The device is tested in cadaver hands
Researchers at Oregon State University have developed a mechanized human hand that will help facilitate movement and restore the gripping capability of hands following nerve damage. It is said to be one of the first instruments created that could improve the transmission of mechanical forces and movement inside the body. The device was tested in cadaver hands.
The new mechanism is a passive technology using a basic pulley that when implanted within a person's hand will allow for a more natural grasping function with less use of muscle energy.
"This technology is definitely going to work and it will merge artificial mechanisms with biological hand function," said Mr Ravi Balasubramanian, an expert in robotics, biomechanics, and human control systems, and assistant professor at the Oregon State University.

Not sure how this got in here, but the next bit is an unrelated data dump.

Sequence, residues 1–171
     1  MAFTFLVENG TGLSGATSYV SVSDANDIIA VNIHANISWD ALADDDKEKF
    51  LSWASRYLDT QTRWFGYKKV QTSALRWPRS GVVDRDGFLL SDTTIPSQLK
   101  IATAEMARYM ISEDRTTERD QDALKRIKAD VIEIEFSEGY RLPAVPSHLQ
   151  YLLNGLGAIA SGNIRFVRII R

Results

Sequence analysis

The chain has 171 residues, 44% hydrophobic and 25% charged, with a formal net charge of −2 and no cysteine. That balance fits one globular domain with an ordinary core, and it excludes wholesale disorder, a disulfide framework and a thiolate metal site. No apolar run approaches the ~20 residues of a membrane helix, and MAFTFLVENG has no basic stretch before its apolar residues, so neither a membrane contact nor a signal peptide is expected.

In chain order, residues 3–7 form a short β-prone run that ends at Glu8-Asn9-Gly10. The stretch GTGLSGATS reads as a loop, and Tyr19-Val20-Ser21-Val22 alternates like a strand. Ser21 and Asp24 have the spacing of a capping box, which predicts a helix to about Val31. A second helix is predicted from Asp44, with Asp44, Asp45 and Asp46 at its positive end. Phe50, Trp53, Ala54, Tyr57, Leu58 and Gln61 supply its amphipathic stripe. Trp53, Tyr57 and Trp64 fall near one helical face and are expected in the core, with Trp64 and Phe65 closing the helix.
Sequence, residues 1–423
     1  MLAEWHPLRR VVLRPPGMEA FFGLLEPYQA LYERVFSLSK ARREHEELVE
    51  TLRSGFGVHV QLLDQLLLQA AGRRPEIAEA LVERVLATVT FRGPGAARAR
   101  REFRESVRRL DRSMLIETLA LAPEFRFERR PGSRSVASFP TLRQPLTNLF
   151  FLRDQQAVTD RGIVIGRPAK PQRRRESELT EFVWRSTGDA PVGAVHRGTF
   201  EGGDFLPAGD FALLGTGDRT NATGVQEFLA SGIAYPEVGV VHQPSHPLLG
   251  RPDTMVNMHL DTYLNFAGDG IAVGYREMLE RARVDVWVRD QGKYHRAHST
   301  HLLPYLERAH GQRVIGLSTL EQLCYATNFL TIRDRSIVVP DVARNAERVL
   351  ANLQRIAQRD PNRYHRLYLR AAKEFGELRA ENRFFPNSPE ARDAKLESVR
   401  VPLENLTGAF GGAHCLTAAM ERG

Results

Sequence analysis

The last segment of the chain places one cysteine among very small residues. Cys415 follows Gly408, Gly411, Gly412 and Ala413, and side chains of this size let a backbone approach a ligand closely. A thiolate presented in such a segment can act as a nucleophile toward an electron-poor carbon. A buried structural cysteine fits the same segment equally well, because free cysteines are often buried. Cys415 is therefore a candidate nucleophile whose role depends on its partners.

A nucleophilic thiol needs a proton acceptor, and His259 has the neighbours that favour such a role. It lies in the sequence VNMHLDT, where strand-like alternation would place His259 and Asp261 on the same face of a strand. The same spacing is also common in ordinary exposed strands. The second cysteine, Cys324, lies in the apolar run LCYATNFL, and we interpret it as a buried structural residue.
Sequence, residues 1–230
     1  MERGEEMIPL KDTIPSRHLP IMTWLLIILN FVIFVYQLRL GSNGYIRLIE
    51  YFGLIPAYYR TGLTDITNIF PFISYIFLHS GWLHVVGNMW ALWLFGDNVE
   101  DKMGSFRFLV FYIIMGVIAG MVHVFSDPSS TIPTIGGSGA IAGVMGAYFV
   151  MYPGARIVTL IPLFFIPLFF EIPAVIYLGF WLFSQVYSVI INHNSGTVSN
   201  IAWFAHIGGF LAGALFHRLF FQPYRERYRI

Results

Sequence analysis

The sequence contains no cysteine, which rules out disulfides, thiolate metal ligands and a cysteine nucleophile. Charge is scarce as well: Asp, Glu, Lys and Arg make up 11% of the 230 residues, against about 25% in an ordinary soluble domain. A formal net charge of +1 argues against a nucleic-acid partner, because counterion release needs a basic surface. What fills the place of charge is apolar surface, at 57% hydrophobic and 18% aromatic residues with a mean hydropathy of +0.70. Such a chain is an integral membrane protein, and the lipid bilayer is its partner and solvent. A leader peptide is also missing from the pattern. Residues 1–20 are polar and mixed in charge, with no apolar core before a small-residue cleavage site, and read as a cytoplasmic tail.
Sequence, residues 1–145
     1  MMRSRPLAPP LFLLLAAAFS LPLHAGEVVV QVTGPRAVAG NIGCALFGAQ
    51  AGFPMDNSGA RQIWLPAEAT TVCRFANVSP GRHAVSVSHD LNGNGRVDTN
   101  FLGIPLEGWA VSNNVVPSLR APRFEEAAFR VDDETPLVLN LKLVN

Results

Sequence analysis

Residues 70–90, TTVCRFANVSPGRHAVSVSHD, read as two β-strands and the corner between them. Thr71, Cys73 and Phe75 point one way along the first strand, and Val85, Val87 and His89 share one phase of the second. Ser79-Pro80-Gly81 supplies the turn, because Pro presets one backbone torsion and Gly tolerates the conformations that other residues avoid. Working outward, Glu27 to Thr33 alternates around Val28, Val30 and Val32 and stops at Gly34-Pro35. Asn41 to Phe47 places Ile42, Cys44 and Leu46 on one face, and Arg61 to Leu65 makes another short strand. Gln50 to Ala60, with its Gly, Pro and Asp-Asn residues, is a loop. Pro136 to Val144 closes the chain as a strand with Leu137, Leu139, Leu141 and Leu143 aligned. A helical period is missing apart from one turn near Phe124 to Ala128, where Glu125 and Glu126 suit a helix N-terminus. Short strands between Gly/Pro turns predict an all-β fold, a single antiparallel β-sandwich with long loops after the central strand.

New research demonstrates how the mechanism developed for this problem can produce more natural and adaptive flexion of the fingers needed for grasping. The force needed to close all four fingers around an object was reduced by 45 percent, and the grasp improvement on an object reduced slippage by 52 percent.
"The long-term potential of such mechanized assistance is profound. In some cases, it may indeed be possible to create joints or limbs that mechanically function as well or better than they did originally," said Mr Balasubramanian.
Technology such as this may offer new options to people who have lost the use of their hands due to nerve trauma, and ultimately be expanded to improve the function of a wide range of damaged joints in the human body, the researchers said.